Bianco, acknowledging he lacked the votes to block the raises, dropped his opposition. Then, after huddling privately with Grace, he announced, “I’m going to accept the 6 percent [special-use-district assessment] in the spirit of compromise.”

He later made the motion to adopt Grace’s modified spending plan as the town’s preliminary budget, subject to revisions after the Dec. 5 public hearing. The board voted, 4-1, to adopt, with Democrat Patel maintaining his opposition. 

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Susan Siegel November 26, 2012 at 05:48 PM
The 2013 preliminary budget may look like good news because it shows a decrease in the total tax bill -- for some, but not all –homeowners. It all depends on which sewer district you’re in. But the budget is bad news if you plan to be a Yorktown taxpayer next year. That’s because neither the Supervisor’s Tentative Budget or the Preliminary Budget adopted last week by the Town Board make any significant attempt to reduce ongoing expenditures. And reducing expenditures is the way to hold the line on taxes. The 2013 budget increases basic town expenses by $1.2 million. And those expenses, like additional staff, will be even more expensive in 2014. But instead of looking at how those on going expenses could be reduced, the budget covers over the $1.2 million increase in expenses with overly optimistic one-shot revenue projections and one-shot savings that won’t be available in 2014. And, as the Patch reporter wrote, the budget commits “grand larceny in the first degree” by charging taxpayers in the water, sewer and refuse special districts an additional $183,000 over and above the $1.2 million they already pay into the general fund. More background information about the budget, including the list of 2013 salary increases, is available at yorktownbettergovernment.org.
Evan Bray November 26, 2012 at 10:04 PM
I fancy myself pretty smart and have a degree from a college that's harder to get into than the Ivies. That said, I am not a finance guy and have no idea how the following quote from the article is fiscally possible: "It also increases spending, even as it reduces the overall town tax levy, funds four years’ worth of police pay raises and lifts a three-year freeze on the salaries of department heads and elected officials." Only a magic wand can add payroll, decrease taxes and add services. Something's fishy. I think the town should be looking to pare employees and reign in benefits. Remember the time that one department head accumulated 180+ vacation days and we got stick with a 75K bill when the board effectively fired her? Common sense, free market practices would fix that. Did we reduce staff and ask for concessions on pensions and benefits from 2008 to now? I doubt it. Everyone bitches about Westchester taxes but there's not a serious politician that is willing to take these steps that are andolutely required to right the fiscal ship, long term. It's hard to cut staff and ask for concessions. Until the people demand it and politicians walk the walk, then I insist that we all just stop moaning about tax raises. Relatively speaking, we are working class, but it's Westchester working class. I say suck it up or put someone in office who will work for real change and not use fuzzy math in their budgets.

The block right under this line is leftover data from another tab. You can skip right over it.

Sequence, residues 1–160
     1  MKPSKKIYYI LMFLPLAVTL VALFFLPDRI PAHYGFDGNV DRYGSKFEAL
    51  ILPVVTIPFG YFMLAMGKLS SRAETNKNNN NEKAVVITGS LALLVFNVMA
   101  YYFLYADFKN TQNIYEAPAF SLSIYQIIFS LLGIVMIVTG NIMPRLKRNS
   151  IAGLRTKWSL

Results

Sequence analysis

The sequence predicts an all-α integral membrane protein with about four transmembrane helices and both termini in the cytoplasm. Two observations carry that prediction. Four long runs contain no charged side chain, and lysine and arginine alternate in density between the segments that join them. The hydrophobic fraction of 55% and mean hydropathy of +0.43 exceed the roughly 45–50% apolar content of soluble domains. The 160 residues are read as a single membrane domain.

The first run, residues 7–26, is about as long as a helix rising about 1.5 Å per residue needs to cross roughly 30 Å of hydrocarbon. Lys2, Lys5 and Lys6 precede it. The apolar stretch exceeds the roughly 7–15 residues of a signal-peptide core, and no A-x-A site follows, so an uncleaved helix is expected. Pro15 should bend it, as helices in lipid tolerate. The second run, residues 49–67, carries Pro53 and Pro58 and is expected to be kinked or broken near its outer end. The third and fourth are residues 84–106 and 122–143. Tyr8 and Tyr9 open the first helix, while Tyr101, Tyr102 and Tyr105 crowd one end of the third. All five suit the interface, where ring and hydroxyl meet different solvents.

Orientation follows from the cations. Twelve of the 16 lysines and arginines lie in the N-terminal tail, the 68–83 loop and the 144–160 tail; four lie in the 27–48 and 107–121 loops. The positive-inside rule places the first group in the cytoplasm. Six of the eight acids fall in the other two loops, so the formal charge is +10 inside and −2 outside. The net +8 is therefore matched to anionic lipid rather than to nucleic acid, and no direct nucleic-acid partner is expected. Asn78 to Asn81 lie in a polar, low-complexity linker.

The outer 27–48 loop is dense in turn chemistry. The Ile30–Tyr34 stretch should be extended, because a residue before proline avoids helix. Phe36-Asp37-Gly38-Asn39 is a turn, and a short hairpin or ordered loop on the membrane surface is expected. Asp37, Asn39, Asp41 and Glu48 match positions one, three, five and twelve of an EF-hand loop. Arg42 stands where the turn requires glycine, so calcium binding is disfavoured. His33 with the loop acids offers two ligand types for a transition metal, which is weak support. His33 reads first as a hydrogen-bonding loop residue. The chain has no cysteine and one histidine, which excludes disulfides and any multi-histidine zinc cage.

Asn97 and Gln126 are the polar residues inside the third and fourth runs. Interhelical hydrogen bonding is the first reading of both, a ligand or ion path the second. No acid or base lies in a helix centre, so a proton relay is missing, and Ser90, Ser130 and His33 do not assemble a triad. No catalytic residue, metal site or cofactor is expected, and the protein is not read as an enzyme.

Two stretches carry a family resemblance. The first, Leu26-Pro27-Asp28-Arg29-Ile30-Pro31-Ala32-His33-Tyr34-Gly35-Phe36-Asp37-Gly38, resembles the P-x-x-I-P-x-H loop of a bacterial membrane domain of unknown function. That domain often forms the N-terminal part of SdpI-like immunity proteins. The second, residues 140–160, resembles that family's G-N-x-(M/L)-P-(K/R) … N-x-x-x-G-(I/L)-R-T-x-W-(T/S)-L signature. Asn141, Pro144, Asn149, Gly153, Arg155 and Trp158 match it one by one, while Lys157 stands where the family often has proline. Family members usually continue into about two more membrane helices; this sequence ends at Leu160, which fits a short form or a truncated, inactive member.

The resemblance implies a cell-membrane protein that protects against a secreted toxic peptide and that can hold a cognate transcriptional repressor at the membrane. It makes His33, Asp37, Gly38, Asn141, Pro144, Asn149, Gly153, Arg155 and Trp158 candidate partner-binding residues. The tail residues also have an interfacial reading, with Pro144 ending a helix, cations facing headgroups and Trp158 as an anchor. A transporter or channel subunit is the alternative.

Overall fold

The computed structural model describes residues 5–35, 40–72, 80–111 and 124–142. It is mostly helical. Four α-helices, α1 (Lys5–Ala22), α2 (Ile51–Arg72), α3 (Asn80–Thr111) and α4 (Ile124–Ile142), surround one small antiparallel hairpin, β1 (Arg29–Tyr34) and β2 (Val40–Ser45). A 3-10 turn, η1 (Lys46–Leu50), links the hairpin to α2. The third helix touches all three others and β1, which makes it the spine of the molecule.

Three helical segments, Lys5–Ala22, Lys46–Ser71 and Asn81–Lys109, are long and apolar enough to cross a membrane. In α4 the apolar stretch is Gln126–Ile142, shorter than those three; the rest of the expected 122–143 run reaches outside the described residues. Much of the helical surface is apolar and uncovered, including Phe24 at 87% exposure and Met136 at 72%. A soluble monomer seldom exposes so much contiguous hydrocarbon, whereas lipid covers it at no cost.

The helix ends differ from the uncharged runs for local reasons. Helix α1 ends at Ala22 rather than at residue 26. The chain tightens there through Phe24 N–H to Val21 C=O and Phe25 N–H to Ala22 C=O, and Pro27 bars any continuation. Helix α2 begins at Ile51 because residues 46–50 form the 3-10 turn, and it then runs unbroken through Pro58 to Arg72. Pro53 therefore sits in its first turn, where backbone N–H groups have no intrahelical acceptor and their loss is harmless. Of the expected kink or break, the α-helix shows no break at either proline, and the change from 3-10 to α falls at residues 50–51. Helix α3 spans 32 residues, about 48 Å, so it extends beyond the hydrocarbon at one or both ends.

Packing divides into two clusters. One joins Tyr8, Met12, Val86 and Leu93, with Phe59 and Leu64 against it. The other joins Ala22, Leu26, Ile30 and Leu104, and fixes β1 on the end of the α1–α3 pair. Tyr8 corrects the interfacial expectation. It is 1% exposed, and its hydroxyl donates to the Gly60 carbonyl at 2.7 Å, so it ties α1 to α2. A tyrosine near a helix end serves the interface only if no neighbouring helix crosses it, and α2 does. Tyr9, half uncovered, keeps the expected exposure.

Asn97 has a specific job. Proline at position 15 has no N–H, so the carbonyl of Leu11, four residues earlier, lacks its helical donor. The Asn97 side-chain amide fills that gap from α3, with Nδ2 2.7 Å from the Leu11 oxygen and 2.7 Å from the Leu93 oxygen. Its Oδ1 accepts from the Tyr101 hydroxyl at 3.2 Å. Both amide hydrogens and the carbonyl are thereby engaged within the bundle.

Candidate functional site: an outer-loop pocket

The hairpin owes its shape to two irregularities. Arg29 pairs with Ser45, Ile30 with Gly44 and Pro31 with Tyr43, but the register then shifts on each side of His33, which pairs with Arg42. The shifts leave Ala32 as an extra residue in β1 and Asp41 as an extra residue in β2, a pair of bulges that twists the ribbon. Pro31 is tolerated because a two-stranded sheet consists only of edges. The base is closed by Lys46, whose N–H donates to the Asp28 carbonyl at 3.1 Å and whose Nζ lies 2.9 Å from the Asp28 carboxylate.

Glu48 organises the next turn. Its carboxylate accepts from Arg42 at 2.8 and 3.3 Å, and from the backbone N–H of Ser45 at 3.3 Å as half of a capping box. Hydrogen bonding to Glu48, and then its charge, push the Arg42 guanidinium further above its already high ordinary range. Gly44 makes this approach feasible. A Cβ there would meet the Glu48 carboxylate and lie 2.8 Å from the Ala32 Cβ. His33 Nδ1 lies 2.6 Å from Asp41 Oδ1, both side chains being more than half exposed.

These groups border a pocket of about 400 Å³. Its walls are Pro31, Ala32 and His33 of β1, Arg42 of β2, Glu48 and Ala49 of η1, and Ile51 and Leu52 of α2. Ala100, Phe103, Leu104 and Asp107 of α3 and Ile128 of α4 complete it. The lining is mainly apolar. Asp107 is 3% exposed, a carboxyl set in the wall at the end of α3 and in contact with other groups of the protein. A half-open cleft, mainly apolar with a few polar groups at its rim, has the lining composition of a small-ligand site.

Evan Bray November 26, 2012 at 10:06 PM
I may not understand this correctly, but no one can explain to me why people without sewers will see a larger tax bill than their sewered counterparts. It makes no sense that people receiving an additional service (sewer) would catch a break while septic folks foot the bill. Makes. No. Sense.
Susan Siegel November 27, 2012 at 12:11 AM
The tax difference isn't sewers -- its water. The Water District tax is going down 33.08% because its taking $925,000 from its fund balance. (About 2/3 of Yorktown households are in the Water District.) For the typical homeowner with a $10,000 assessed value, this translates into a $65.66 reduction in the total tax bill -- and offsets the $58.09 increase in the ADL or town tax. The homeowner also benefits from a one time $59.23 reduction in the refuse tax. And there's a $.09 increase in the emergency medical services fund.. I'll respond to your comments about staff costs and benefits in a separate posting.
Evan Bray November 27, 2012 at 12:41 AM